This is a bit different from what you might expect. Laura Grace is grieving and Samantha tries to comfort her. I'll add a **TRIGGER WARNING** There is the beginnings of a new revelation of the abuse Samantha has suffered, but I stop before the recounting.
My thirty-fifth anniversary had come and was rapidly going. I turned over in the bed one more time. Tom, how I miss you! We’d had a long, happy marriage, but today there had been no card, no special supper. No restatement of the vows we’d spoken so many years ago. No Tom. Nothing. All I needed was one more night, one more hug, one more kiss.
How was I supposed to go on from the loss of half of myself? A soul-wrenching tear ripped my heart again with every heartbeat, every time I saw the gold band on my finger or a picture of his sun-kissed hair.
Dragging air into my lungs, I blinked back tears. If not for Samantha, I’d descend into the pit of despair that had called to me since Tom’s death, letting the world move on. Still, I lingered on the ledge with the dark depths reaching up, offering me oblivion. I dug in my heels against the pull because of her. I’d buck up under the weight of grief and smile bravely like I had while she and Kaylee had roller skated rings around me today. Their giggles had barely touched my heart. She deserved better.
Tom would’ve loved her so much. She needed his balance to her life—a man who didn’t beat women to death and didn’t rape children.
The tears itched behind my eyelids. I swallowed hard, but they hovered on the edge of my lashes. I turned my face into Tom’s pillow to muffle the wave of sobs that welled up. Hugging his pillow, I slid my hand into the case, clutching his Sand Gnats tee-shirt that hid beneath it, and let my grief pour out.
A cool hand patted my head. I relaxed into the touch, the fleeting memory of his hand. I’d accept it, since it was better than being alone. Not much, but enough to ease my ache a bit.
Then I jumped, strangling on a sob. Faint light from the hall gleamed on golden curls and slender arms that slid around my shoulders, holding me tight.
“Shhh, Momma.” She began to rock in time to the same rhythm I used with her after her nightmares. “Hush. It’ll be all right. I’ll make it better.”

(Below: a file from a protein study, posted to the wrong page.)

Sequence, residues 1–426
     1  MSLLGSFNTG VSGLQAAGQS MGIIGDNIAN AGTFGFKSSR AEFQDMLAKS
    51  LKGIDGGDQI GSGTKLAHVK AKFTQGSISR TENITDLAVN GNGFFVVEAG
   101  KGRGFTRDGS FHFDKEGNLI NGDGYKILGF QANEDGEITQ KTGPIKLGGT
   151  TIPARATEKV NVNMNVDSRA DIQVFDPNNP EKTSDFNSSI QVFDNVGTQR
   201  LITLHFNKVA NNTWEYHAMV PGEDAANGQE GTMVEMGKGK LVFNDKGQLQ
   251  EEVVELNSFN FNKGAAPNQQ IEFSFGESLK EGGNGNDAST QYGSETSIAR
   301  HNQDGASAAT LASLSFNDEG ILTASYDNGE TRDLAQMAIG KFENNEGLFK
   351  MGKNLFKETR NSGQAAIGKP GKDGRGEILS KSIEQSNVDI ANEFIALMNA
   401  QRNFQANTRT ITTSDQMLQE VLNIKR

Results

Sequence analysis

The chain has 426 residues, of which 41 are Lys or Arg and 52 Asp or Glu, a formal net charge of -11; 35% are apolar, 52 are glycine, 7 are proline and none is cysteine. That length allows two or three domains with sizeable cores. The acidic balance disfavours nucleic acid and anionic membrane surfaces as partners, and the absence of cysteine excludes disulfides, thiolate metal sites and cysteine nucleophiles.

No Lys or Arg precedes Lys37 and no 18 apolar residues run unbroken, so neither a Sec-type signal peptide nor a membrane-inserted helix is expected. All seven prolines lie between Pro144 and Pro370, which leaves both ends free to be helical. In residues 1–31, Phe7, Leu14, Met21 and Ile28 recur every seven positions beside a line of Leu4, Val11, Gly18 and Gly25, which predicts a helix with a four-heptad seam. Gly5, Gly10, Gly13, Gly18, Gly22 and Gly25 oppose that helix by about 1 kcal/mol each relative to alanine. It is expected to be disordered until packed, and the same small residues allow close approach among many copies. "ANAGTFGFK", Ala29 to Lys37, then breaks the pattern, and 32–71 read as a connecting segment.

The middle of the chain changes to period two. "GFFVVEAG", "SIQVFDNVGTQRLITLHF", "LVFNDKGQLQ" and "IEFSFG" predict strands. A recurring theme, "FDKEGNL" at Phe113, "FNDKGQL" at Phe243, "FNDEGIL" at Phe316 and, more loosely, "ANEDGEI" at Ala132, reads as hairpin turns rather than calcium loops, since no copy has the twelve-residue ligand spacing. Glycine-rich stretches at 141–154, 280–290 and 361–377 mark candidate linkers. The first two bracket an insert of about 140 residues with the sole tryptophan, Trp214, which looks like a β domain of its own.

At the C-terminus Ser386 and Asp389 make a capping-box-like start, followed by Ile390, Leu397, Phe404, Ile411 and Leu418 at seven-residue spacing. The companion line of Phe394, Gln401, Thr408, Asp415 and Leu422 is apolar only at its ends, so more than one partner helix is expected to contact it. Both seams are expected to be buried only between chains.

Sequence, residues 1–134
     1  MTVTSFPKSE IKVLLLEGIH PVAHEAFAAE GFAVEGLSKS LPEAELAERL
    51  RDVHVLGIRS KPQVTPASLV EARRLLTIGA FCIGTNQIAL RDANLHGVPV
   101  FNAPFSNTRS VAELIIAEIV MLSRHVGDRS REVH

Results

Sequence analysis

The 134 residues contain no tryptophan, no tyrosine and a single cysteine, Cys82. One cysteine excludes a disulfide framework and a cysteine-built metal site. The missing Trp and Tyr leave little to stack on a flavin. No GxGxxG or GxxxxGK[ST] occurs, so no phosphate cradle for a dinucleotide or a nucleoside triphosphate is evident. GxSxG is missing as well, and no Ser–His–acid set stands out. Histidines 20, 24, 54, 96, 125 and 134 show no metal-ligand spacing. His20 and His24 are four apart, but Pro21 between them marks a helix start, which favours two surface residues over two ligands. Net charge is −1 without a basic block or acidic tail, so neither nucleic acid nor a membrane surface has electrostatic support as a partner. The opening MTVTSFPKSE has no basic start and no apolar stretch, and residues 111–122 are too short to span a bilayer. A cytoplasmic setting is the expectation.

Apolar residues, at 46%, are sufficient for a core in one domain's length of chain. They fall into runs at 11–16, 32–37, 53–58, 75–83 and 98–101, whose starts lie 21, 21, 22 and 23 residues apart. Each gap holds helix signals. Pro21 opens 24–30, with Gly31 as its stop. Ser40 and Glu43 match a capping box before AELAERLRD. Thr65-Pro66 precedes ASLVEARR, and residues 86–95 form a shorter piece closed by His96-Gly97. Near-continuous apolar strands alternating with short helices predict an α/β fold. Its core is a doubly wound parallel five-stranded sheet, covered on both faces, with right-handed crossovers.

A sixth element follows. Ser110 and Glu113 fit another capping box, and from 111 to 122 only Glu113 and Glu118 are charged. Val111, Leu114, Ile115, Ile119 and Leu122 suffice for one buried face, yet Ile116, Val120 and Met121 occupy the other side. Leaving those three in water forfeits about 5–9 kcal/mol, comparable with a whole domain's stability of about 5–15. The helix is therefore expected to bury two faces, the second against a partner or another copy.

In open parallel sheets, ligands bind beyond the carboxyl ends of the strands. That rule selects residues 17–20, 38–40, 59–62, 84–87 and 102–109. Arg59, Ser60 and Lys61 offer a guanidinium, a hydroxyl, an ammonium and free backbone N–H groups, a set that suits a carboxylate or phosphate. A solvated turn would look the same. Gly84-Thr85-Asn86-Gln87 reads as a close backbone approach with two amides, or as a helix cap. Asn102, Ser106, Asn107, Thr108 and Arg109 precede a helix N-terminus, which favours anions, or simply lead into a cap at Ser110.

My breath hitched, but I leaned into my daughter seeking the solace her arms offered. “Thank you, angel. I’m just missing Tom. Go back to bed.”
Her cool, light fingers touched my eyes. She then wiped away the tears and placed a gentle kiss on my cheeks. She settled against me with a firmer grasp. “Let me love you, Momma.” Then her lips found mine.
I jerked back. “No, Samantha.” An icy wind blew through me. It beat hard against my heart as fear and revulsion shoved my mind into overdrive. I groped for an explanation for what had made her drop that kiss on my lips.
“No.” I peeled her arms from my shoulders, holding my breath for an instant to calm the terror that raced through my thoughts. I had to find a way to understand why she’d kissed me in such a way. Only we had to get out of the bedroom where we could face each other in the light. “Let’s go to the kitchen and talk.”
Zan Marie: I apologize for not being able to respond well to this -- it is indeed an extremely triggering passage even without the details of the past abuse. That said, I wonder about your story, if it might not be possible to pull together the widow's mourning into a powerful paragraph or two and then the young girl coming in to comfort her in a passage or two? For example, the woman could be imagining her husband there with her and then have to pull back from a wonderful memory to respond to the girl -- so you wouldn't have to detail the thinking that the girl had kept her from plummeting over the edge; it would be demonstrated by what she does in response to the girl coming into the room and interrupting her reverie. Then the emotion of grief and longing for the past could be even stronger and the sense of place even more solid -- and the transition to another room where the two could talk further is natural and logical.
This was a hard assignment - I haven't managed to post anything yet so good for you! This is painful and something many readers would not want to face. I think you handle it well. I think you could tighten up the beginning of the scene. It's obvious from the way Laura is feeling that she had a long happy marriage and she misses her husband so I don't think you need to tell the reader that - it seems redundant.
What a jolt! This could have been a somewhat routine exploration of grief, but--zing. Out of a state of mourning comes a plot surprise. Am I going to be seeing her daughter in a new way, a way that makes me face something uncomfortable? We'll have to wait and see. You've got me entertained enough to make me wait for illumination to come.